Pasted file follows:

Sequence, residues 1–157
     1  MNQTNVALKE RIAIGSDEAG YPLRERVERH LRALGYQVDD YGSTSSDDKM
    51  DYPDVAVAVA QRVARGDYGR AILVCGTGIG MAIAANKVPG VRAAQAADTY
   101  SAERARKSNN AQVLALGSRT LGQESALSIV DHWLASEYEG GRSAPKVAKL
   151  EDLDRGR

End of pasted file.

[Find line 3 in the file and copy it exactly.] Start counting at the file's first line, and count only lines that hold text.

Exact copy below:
    51  DYPDVAVAVA QRVARGDYGR AILVCGTGIG MAIAANKVPG VRAAQAADTY